Jesus Among Luke’s Marginalized

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2017

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Abstract

Many first-century Jewish leaders considered the marginalized outside the reach of God’s mercy. But Jesus seemed to challenge this social and religious value. This study explores the paths to restoration for society’s outcasts in the Gospel of Luke, whether their outside status was the result of sinful “conduct” (prostitution, tax-collection, etc.) or a culturally-defined “condition” (blindness, leprosy, nationality, gender, etc.). I attempt to show that Jesus drew a distinction between the “conduct marginalized” and the “condition marginalized” and sought to meet their needs differently based on their proper classification. Jesus addressed the specific needs of these outsiders which avoided over-condemning on the one hand and premature restoration on the other hand. He did not regard the condition marginalized beyond the pale of redemption; he did not regard the conduct marginalized beyond the possibility of repentance. Both were worthy to hear the message of the gospel.

The Gospel of Luke provides unparalleled resources for my investigation. This Gospel emphasizes society’s outcasts more than the other Gospels, especially Gentiles, lepers, the poor, and women. According to Simeon, the Christ child will be responsible for the rise and fall of many in Israel (Luke 2:34) reversing the status imposed by culture on the powerful and the weak alike. Jesus’ warning that those who exalt themselves will be humbled while those who humble themselves will be exalted is repeated twice only in Luke’s Gospel (14:11; 18:14). Jesus inaugurates his public ministry by citing Isaiah’s liberating promises to the poor, the captives, the blind, and the oppressed (Luke 4:18). The dinner table in Luke 14 is occupied by the poor, the crippled, the blind, and the lame, while the entitled powerful “will not taste of my banquet,” Jesus says (Luke 14:16-24). Jesus tends unconditionally to invite these outcasts to gather to him on the “outside” (away from Jerusalem, away from Jewish leaders, etc.). Instead of perpetuating the condemnation of the condition marginalized, Jesus seems to invite their restoration by confronting the myth that some sin lies at the root of their condition.

At the same time that Luke elevates these condition marginalized, he also places a greater stress on “repentance” for the conduct marginalized than we find in the other Gospels. It is Luke’s Jesus, after all, who famously adds “to repentance” in 5:32 to the expression, “I have not come to call the righteous, but sinners” in Matthew 9:13 and Mark 2:17. It seems that some outcasts are victims of societal injustice while others are suffering the consequence of marginalization as a result of their own choices. To further complicate matters, we find Jesus dining with “tax collectors and sinners” throughout the Gospel of Luke. This table fellowship is noted and condemned by some Jewish leaders who find Jesus too welcoming. But Jesus rejects the insult that he is a “friend of tax collectors and sinners,” along with being labelled a glutton and a drunkard. Instead of unconditionally accepting the conduct marginalized, Jesus invites their repentance for community restoration.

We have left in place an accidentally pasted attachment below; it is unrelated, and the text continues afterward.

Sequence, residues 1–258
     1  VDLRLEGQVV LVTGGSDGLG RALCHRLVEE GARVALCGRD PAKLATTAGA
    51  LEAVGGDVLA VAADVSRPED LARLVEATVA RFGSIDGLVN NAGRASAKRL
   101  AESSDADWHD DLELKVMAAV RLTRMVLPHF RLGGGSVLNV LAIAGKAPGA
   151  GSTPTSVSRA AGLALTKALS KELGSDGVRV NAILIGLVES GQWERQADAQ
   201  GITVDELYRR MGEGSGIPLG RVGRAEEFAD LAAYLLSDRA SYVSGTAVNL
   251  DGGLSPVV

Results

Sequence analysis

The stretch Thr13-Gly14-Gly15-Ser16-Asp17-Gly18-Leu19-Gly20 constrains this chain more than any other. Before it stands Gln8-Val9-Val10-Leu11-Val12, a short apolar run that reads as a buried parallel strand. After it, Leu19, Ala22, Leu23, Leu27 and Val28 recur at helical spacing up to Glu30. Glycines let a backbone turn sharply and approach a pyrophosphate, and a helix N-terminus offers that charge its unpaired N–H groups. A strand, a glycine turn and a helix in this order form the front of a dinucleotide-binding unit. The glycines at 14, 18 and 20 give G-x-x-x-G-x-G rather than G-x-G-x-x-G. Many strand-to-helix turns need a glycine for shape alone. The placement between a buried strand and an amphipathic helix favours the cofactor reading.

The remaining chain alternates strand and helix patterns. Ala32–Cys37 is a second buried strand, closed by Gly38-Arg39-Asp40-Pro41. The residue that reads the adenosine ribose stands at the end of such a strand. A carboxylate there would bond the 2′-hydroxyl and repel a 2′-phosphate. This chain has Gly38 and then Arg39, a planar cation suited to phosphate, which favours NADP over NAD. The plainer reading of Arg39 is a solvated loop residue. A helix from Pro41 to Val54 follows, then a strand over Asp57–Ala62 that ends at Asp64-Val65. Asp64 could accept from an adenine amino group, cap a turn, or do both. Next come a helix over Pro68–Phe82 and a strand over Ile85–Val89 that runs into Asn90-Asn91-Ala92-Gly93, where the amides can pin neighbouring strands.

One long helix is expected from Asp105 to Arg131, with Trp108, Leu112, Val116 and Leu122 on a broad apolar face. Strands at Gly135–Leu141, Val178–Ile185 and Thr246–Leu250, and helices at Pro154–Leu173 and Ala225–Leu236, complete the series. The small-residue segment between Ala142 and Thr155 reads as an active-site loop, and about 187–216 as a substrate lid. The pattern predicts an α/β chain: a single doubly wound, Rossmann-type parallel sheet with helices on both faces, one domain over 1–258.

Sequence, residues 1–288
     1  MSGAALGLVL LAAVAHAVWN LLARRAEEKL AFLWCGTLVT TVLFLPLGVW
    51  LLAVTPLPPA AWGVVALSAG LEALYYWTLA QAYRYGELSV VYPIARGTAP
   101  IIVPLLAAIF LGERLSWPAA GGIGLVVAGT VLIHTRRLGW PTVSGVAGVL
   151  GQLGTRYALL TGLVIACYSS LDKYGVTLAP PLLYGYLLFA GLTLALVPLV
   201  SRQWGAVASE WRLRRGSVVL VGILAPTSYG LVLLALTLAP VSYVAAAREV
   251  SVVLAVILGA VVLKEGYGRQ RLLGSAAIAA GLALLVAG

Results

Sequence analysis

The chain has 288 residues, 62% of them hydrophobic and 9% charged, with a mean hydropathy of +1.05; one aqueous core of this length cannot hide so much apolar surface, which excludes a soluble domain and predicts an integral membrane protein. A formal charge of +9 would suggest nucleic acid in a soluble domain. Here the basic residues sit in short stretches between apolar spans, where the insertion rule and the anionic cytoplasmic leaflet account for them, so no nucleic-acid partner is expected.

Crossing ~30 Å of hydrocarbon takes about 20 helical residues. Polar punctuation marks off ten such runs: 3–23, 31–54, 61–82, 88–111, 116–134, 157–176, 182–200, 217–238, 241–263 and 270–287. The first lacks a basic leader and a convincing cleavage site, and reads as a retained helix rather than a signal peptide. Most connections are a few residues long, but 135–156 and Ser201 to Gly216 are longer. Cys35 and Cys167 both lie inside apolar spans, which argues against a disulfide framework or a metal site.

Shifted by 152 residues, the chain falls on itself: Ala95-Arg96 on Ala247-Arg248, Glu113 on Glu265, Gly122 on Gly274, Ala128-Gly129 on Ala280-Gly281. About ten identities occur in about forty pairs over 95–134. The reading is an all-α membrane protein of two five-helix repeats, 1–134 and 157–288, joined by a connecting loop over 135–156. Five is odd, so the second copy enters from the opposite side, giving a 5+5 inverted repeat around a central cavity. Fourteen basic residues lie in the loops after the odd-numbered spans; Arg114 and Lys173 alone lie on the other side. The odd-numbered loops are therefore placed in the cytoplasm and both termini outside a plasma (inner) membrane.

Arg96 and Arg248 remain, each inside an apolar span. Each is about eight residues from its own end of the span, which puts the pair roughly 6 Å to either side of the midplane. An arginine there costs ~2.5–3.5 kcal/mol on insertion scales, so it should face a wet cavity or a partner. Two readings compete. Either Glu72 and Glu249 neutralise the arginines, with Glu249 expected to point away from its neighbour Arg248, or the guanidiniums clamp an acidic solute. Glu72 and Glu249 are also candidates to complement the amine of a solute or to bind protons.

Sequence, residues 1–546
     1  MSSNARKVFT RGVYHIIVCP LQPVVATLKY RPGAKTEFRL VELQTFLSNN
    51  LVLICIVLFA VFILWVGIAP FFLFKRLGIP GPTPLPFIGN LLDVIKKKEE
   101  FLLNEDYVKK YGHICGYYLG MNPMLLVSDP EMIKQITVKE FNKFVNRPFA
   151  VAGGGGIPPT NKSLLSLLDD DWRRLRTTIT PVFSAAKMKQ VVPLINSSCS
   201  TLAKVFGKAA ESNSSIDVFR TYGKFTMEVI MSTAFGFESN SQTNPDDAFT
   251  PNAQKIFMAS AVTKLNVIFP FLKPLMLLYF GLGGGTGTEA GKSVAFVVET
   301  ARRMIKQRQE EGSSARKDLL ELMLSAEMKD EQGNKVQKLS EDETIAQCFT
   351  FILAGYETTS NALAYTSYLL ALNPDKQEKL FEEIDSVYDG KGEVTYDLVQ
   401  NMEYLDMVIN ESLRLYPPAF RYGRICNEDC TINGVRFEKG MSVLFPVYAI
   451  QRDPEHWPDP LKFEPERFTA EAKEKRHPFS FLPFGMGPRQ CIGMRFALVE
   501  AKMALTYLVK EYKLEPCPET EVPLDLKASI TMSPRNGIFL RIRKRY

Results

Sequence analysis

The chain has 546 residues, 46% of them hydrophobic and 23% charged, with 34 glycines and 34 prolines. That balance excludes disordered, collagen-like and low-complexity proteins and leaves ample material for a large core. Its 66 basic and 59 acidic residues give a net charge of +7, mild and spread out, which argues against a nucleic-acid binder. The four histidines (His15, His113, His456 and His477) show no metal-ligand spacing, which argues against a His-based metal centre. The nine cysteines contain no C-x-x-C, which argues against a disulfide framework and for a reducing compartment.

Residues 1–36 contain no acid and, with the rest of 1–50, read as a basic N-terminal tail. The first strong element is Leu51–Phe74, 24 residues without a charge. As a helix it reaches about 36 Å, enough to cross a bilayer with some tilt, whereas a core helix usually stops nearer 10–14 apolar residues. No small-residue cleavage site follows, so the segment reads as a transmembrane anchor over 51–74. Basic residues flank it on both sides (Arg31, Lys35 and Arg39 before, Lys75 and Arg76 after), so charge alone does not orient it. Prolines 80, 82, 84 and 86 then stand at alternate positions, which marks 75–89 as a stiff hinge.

Many additional questions are raised in the process of this research: Does the Gospel of Luke allow us to classify the marginalized as “conduct” or “condition” and, if so, who might fit into those categories (alternative category labels might be “active” and “passive” marginalized—as in those who actively contributed to their marginalization through their behavior and those who were passively marginalized through no fault of their own)? Do these categories still exist today? How much cultural luggage is involved in the station of the first century’s outcasts? Was Jesus more accepting of people than his followers are today? Did Jesus consider himself a friend of tax collectors and sinners, unconditionally welcoming them? Did he use table fellowship as a means to drawing sinners into a relationship with himself? Is it culturally objectionable to refuse anyone inclusion today, as it seemed culturally objectionable to welcome everyone in Jesus’ day?

The path to restoration for society’s outcasts in the Gospel of Luke ran through Jesus. How they were restored by Jesus, however, seemed to take on different forms depending on why that person was marginalized in the first place. This study concludes that those who were marginalize through no fault of their own (condition outcasts) were unconditionally redignified by Jesus, whereas those who were marginalized due to sin (conduct outcasts) were offered forgiveness in exchange for repentance. Jesus did not hesitate to classify people as sinners. Those who thus repented were celebrated with large meals fitting those found who were formally lost. Furthermore, Jesus directly confronted self-righteousness and those who were guilty of oppression. If we seek to model ourselves after Jesus, we may require a measure of correction that aligns us with this portrait of Jesus presented in Luke’s Gospel.

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Miller, Jeffrey E. (2017). Jesus Among Luke’s Marginalized. Dissertation, Duke University. Retrieved from https://hdl.handle.net/10161/20176.

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